Josh Luchs

October 13, 2010 by staff 

Josh Luchs, Which gave an account in the first person to Sports Illustrated about how he paid more than 30 college football players in violation of NCAA rules, said in a radio interview today that he has just help young people who needed money.

“If it was against the rules it was wrong,” said Mike Luchs ESPN and Mike in the Morning. “What I regret it? Not necessarily. I do not give money to guys they can go out and buy watches and cars. Many of these guys comes from a place where they were immersed in these large schools and those environments, and many people around them, some of them in private schools, people around them have money, people around them are getting out and having fun and enjoying the college experience, and many of these children do not even have enough money to buy food. I’m not trying to paint me as Mother Teresa, but it is clear, at least in my case, money has served a purpose. ”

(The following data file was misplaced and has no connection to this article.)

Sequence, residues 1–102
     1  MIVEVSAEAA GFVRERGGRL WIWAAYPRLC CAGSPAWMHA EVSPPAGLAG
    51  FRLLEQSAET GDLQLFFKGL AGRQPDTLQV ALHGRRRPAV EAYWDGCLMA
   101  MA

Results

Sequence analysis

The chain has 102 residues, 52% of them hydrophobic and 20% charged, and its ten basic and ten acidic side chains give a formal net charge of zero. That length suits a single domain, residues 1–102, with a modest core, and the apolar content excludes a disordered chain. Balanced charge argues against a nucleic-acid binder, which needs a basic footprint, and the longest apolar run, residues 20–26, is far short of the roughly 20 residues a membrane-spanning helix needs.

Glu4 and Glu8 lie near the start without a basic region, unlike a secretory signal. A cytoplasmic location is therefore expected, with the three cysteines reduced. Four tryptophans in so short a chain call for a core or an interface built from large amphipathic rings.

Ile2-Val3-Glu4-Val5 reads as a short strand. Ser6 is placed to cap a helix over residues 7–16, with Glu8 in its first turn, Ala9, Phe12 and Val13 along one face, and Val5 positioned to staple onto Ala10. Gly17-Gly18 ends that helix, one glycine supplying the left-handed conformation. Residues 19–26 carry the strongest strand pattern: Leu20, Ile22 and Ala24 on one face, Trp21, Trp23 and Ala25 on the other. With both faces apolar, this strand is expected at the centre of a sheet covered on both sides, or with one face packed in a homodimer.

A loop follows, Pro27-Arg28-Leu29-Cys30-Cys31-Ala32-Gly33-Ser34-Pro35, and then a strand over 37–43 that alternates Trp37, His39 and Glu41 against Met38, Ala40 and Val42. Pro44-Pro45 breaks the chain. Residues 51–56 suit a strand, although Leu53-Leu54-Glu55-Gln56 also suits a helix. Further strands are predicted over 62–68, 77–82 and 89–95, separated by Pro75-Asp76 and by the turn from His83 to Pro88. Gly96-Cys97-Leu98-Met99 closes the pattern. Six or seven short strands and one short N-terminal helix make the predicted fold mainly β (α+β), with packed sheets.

Well, that’s nice of him not to paint like Mother Teresa.

But it is quite ridiculous Luchs to act as its purpose was to help young men groceries, especially when it acknowledges in the article by Sports Illustrated that he paid for things like a hotel room in Las Vegas Ryan Leaf, a ticket for a Janet Jackson concert for Jonathan Ogden, and bail money to get Bruce Walker of the jail on charges that would later result in a plea no contest to disturbing the peace.

Luchs was also some interesting comments on the situation in North Carolina, who is currently involved in an investigation concerning relations NCAA players with agents. Luchs coach Butch Davis defended.

“When I look now to Butch Davis, and what happens throughout North Carolina, I doubt very seriously that he knew everything was going along with this program, and I do not think anyone should s’ expect him. ”

And in an excerpt of the interview ESPN Radio that could be embarrassing for ESPN, Luchs weighed on the relationship between ESPN draftanlyst Mel Kiper and the agent Gary Wichard.

“What does Mel do in these situations, whether conscious or not, he allowed himself to be used in the recruitment process,” Luchs said.

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